It’s the end of the year!
Do you know where your money is?
December and January are the perfect months to look back at what you earned, saved and spent during the past year. Take some time to get your financial house in order at this time.
How much have you saved?
Whether you just resolved last year to save more, or you set a specific goal, it’s time to find out how you did.
- Were you able to increase your emergency fund?
- Were you able to save for a large purchase, or did you just run up the balance on your credit card, thereby increasing your liabilities, and decreasing your net worth?
How did your investments perform?
Review any investment statements you’ve received, compared to general market conditions, and most importantly, in relationship to your expectations and needs.
- Do you need to make any adjustments based on your own circumstances, your tolerance for risk or because of market conditions?
Did you reduce debt?
Tracking your spending is just as important as tracking your savings, but hard to do when caught up in an endless cycle of paying down your credit cards, and then borrowing more, over and over again. Now is the time to make changes if you are unhappy with last year’s progress.
Where did your employment taxes go?
This year, get in the habit of checking your Social Security statement annually to find out how much you’ve been contributing to the Social Security System, and what future benefits you might expect. To access your statement, sign up for a my Social Security account at the Administration’s website, www.socialsecurity.gov.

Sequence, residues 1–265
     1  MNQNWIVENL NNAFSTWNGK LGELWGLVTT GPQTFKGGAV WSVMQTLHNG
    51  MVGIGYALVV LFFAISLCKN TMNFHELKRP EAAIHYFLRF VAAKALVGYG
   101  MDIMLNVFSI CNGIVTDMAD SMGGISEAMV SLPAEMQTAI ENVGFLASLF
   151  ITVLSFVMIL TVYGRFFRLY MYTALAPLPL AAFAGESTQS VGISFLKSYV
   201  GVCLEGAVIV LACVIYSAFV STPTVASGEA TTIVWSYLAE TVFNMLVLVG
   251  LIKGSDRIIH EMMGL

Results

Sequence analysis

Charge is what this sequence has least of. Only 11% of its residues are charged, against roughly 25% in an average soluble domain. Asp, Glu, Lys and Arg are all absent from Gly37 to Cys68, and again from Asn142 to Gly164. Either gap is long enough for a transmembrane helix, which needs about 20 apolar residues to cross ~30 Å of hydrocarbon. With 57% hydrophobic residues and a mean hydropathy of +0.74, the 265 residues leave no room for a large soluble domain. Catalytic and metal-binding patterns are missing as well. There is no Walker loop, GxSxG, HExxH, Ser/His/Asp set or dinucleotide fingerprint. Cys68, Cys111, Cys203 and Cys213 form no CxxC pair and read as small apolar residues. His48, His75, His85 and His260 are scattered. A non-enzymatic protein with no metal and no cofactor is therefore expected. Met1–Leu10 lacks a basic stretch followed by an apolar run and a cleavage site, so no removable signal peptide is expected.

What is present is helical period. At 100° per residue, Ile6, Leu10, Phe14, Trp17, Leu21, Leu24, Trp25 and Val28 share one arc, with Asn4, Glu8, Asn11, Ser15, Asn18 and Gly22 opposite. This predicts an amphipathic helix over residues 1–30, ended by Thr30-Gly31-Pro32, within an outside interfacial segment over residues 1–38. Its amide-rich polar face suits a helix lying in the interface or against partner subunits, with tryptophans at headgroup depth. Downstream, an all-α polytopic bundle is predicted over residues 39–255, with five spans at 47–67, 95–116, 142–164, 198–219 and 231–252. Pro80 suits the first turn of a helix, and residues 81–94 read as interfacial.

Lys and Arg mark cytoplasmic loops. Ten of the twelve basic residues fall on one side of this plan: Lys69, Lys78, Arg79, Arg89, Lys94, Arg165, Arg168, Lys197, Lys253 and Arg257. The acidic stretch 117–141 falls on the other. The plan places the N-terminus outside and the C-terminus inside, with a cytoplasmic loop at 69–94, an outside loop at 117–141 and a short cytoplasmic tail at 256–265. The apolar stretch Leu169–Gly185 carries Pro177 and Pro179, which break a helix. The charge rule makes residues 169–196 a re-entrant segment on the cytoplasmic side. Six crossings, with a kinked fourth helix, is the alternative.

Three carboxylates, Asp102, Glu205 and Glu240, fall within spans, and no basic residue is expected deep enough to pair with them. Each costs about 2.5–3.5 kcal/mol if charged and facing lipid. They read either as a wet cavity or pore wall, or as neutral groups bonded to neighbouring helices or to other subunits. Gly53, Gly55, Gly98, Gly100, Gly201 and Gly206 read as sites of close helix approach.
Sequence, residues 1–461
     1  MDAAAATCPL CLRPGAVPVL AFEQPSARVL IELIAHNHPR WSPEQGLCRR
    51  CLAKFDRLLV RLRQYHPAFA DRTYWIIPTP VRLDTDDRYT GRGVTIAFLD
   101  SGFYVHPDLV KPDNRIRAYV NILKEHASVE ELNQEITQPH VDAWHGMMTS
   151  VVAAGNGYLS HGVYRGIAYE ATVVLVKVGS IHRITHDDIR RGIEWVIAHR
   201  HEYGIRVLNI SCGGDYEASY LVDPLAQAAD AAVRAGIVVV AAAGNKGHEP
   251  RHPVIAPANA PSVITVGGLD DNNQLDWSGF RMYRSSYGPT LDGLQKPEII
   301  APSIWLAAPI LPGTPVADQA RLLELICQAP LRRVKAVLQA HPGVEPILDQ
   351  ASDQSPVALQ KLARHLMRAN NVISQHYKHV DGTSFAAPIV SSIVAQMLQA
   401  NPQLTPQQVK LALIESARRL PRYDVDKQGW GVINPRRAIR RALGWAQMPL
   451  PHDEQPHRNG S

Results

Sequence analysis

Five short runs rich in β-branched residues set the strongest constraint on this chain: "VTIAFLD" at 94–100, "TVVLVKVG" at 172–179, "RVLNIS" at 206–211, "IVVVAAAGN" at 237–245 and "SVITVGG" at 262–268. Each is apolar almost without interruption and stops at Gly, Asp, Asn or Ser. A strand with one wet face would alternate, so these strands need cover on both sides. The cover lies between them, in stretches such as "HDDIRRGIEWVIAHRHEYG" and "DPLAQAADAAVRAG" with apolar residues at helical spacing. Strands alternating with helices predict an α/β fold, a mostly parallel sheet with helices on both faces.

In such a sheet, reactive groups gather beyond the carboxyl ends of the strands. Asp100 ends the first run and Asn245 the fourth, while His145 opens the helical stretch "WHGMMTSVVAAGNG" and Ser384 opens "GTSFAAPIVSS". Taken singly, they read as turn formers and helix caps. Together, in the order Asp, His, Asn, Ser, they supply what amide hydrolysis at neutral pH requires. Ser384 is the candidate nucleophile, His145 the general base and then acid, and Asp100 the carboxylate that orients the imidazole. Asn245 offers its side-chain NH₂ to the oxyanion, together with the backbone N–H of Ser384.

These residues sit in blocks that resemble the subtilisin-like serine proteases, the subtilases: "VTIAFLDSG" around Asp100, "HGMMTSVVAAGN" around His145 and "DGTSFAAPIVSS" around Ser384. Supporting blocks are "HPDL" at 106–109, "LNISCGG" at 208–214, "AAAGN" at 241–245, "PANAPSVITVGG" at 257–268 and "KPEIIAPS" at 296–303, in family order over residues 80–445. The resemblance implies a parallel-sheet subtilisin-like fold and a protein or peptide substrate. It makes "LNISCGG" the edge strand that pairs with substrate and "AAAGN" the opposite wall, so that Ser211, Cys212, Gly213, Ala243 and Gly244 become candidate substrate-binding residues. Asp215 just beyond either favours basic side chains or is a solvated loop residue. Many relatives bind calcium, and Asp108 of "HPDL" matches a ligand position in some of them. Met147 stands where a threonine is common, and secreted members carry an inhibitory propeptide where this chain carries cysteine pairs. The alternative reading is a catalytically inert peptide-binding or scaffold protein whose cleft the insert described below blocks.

Has your financial outlook changed during the last year?
Once you’ve reviewed your account balances and statements, your next step is to look at your entire financial picture.
- Did your finances improve over the course of the year?
- If not, why not?
Then, think about the changes you would like to make for next year. Start by considering the following questions:
- What are your greatest financial concerns?
- Do you need help or advice in certain areas?
- Do you need to revise your budget now that you’ve reviewed what you earned, saved and spent?
Use what you’ve learned about your finances—good and bad—to set your course for the next year to improve your financial position.